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Fitness and lung function in children with primary ciliary dyskinesia and cystic fibrosis

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@article{d988f0b5f72e4742b3321ccd2ad5ce22,
title = "Fitness and lung function in children with primary ciliary dyskinesia and cystic fibrosis",
abstract = "BACKGROUND: Peak oxygen uptake (VO2peak) is associated with morbidity and mortality in health and disease, and provides important information of global physical health not achieved from standard pulmonary function tests. Primary ciliary dyskinesia (PCD) and cystic fibrosis (CF) are genetically determined diseases involving different basic defects, but both showing impaired mucociliary clearance leading to chronic infections and pulmonary destruction early in life. PCD is generally considered a milder disease than CF and it is hypothesized that children with CF would have consistently lower VO2peak and pulmonary function than children with PCD.METHODS: We performed a prospective, observational single-center, clinical cohort study of VO2peak and pulmonary function in age and gender matched schoolchildren, at two occasions 12 months apart.RESULTS: VO2peak was persistently (at baseline and after 12 months) and significantly reduced in the 22 patients with PCD (z-score = -0.89 and -1.0) and 24 with CF (z-score = -0.94 and -1.1), included in the study. Abnormal VO2peak was detected in a larger proportion of children with PCD (≈30{\%}) than CF (≈13{\%}). Moreover, children with PCD exhibited persistently lower FEV1 (p < 0.0001 at first visit and p = 0.001 at second visit) while FEF25-75 and FVC differed only at baseline. Indeed, a retrospective analysis comparing lung function over the last year in our entire PCD and CF populations between 6 and 18 years of age, revealed lower values in patients with PCD (FEV1 z-score, p = 0.0004, FVC z-score p < 0.0001, FEF25-75 z-score p = 0.008).CONCLUSION: This is the first report indicating that cardiopulmonary fitness is equally and consistently reduced in both children with PCD and CF along with a consistent lower pulmonary function in PCD compared with CF. A certain reservation for possible selection bias and the small number of patients is necessary. However, increased focus on early diagnosis, evidence-based treatment regimens and close clinical monitoring in PCD are warranted.",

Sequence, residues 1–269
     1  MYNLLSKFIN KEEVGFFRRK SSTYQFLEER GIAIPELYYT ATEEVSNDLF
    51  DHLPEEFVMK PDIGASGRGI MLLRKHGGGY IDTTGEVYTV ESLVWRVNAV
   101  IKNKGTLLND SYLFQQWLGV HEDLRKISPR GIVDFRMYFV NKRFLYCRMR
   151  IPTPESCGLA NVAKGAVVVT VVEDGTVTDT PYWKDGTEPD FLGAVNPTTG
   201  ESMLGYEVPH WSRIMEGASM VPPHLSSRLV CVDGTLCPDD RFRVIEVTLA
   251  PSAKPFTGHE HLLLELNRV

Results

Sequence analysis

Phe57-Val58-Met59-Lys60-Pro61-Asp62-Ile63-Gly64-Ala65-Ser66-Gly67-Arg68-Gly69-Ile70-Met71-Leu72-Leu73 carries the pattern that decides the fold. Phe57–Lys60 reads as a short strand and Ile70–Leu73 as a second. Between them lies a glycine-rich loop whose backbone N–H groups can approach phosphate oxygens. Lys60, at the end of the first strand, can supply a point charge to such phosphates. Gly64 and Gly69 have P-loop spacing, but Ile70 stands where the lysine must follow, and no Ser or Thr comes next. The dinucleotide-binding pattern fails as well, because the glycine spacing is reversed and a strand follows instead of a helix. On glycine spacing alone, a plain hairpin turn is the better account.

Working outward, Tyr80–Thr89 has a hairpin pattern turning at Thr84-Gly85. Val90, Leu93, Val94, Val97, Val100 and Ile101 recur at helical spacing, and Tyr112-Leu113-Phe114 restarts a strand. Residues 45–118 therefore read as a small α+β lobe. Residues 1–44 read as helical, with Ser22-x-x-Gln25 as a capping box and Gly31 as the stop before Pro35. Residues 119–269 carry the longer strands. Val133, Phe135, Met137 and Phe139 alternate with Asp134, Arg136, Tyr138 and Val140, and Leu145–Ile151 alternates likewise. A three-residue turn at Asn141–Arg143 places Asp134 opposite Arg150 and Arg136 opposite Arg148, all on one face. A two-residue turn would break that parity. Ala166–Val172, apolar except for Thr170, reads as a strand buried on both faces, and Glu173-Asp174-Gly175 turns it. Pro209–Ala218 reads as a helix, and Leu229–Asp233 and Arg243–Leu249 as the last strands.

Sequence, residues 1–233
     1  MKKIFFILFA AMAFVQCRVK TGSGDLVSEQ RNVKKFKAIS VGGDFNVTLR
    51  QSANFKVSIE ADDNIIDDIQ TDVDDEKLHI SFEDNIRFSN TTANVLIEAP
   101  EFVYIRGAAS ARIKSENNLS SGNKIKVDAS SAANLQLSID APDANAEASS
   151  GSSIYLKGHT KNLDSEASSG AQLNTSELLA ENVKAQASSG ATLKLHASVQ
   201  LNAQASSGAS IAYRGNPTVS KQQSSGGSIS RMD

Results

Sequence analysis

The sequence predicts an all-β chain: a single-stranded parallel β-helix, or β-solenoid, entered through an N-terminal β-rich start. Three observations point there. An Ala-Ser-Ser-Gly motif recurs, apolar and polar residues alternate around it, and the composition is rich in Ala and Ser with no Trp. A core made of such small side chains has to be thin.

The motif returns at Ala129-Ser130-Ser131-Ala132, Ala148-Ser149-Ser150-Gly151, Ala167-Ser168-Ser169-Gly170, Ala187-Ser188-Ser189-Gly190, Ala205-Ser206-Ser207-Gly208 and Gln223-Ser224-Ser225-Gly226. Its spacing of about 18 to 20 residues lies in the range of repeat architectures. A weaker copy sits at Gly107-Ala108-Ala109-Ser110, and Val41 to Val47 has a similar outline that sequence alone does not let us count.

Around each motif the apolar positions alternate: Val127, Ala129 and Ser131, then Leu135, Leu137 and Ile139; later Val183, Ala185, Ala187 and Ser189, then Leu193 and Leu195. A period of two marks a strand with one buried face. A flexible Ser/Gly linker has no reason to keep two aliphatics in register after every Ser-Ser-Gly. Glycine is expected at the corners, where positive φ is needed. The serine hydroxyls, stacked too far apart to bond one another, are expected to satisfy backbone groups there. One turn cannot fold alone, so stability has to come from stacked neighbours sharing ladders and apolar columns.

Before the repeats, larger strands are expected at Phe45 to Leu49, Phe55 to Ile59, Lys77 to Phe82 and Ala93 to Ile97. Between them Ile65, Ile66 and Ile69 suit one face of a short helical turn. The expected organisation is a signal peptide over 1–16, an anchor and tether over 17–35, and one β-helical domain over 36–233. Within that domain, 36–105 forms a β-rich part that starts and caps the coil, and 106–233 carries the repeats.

keywords = "Adolescent, Child, Ciliary Motility Disorders/metabolism, Cohort Studies, Cystic Fibrosis/metabolism, Female, Humans, Male, Oxygen/metabolism, Oxygen Consumption, Prospective Studies, Respiratory Function Tests, Spirometry",